Every business hits stages where they meet what I call an inflection point - a time in their lifecycle when either the market or a set of internal conditions required an organization to make a strategic decision that will take them down one path or another. This will change the course of the business from that point forward and could require a fundamental restructuring of your plans. It affects every department in the firm, but it probably hits marketing the most.n
In this situation, marketing is generally charged with leading the charge through the new fork in the road, which places a lot of pressure on marketing to get things right. If you're in this position here are a few tips to help get you through that crossroad:
- Have a solid understanding of the strategy and where it's leading you - marketing will never be able to be completely effective in this situation unless it begins with the end in mind. The change has to lead somewhere and having a good idea where that somewhere is will help you lay the groundwork for your marketing plans.
- Look to other companies that went through something similar and see what they did right and wrong - a lot of companies have gone through transformations as business conditions have changed. Some survived and some didn't. Look for case studies for companies like yours that went through a similar transition and learn from their successes and mistakes. Obviously look to the ones in your space first but there is great learning by going degrees of freedom out from your core.
- Embrace the excitement of the change and use it to fuel your creativity - although change is always scary, the chance to reinvent your company (either in part or in whole) is a rare opportunity, so get your team fired up about what they are doing and push them to think outside the box so that new ideas are created and the best ones get executed.
- Be honest with senior management about time, impact and budget - most non-marketing executives think that perception and awareness changes happen with a snap of the fingers. Depending on the size of the change and the mountain you are climbing it could take years for all the changes to take effect. In order to avoid being the sacrificial lamb make sure you have what you need to do things in the timing by which leadership wants them. I always used the phrase, "You can have it good, fast or cheap - pick two." You can't have all three, so make sure they know that going in.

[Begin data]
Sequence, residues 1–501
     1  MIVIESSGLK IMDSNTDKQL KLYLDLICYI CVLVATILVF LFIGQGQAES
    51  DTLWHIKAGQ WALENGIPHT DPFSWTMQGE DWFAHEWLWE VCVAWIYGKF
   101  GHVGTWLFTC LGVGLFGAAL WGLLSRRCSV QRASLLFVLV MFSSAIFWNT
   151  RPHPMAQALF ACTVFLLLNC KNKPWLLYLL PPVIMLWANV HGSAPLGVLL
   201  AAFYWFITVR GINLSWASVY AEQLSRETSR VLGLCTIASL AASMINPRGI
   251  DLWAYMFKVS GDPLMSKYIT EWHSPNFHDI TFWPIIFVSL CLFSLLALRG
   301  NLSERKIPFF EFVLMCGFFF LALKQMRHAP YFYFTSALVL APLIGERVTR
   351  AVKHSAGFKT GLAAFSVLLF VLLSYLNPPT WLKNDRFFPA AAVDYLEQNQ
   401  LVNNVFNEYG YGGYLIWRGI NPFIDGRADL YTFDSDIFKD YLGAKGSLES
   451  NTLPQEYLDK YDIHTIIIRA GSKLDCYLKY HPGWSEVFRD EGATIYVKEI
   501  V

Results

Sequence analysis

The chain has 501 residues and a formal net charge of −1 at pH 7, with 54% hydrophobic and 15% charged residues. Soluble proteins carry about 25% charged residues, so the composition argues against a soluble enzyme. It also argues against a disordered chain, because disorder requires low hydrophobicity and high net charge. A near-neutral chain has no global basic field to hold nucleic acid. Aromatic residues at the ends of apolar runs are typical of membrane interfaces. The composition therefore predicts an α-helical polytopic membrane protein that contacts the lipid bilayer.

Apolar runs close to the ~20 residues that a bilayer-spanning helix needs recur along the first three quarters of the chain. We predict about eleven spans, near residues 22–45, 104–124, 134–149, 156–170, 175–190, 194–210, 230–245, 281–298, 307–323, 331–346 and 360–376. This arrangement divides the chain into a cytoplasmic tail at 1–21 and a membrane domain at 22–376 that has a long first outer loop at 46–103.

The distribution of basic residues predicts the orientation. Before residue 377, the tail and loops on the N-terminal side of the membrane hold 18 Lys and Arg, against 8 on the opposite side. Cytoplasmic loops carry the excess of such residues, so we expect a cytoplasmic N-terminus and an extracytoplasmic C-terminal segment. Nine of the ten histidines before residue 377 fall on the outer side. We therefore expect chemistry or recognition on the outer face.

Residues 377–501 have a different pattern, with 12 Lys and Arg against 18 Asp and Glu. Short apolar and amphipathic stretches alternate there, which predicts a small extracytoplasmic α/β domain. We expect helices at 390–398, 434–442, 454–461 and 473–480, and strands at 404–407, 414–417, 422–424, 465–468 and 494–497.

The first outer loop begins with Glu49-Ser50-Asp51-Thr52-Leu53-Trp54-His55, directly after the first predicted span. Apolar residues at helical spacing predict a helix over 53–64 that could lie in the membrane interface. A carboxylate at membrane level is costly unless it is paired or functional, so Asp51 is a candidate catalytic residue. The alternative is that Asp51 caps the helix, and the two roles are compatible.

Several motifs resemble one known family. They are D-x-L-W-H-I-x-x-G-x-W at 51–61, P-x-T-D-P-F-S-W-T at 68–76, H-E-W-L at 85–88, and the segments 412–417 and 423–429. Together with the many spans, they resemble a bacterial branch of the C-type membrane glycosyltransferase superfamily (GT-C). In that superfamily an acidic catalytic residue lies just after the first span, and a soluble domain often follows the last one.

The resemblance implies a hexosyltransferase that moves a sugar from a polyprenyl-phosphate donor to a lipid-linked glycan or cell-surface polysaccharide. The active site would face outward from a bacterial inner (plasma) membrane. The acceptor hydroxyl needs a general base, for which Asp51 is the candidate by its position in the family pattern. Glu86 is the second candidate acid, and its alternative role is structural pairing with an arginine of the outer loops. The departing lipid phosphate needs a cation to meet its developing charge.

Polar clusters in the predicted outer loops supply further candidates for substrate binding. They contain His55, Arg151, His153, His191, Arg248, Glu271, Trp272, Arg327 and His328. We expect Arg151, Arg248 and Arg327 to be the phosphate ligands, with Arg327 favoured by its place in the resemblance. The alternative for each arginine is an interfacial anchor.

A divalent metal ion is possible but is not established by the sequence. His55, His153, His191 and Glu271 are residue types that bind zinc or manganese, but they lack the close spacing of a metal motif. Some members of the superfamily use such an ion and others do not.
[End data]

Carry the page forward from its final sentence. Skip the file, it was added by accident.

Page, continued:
- Look back only when it's relevant - a lot of things will change in your marketing, but in all likelihood the fundamentals of what you do will not. If you have measurement models and solid KPIs you will know what is working and what is not. You will have to adjust depending on the scope of the change, but knowing what has worked will help you move forward. Beyond that keep your eyes on the new strategy, not the old ones as it will only hold you back.
Times of change are both challenging and thrilling. It causes us to get out of our comfort zone and stretches our skills and strengths. Let the crossroad meet you as a great opportunity and take the path with vim and vigor and it will take you places you never thought you would be.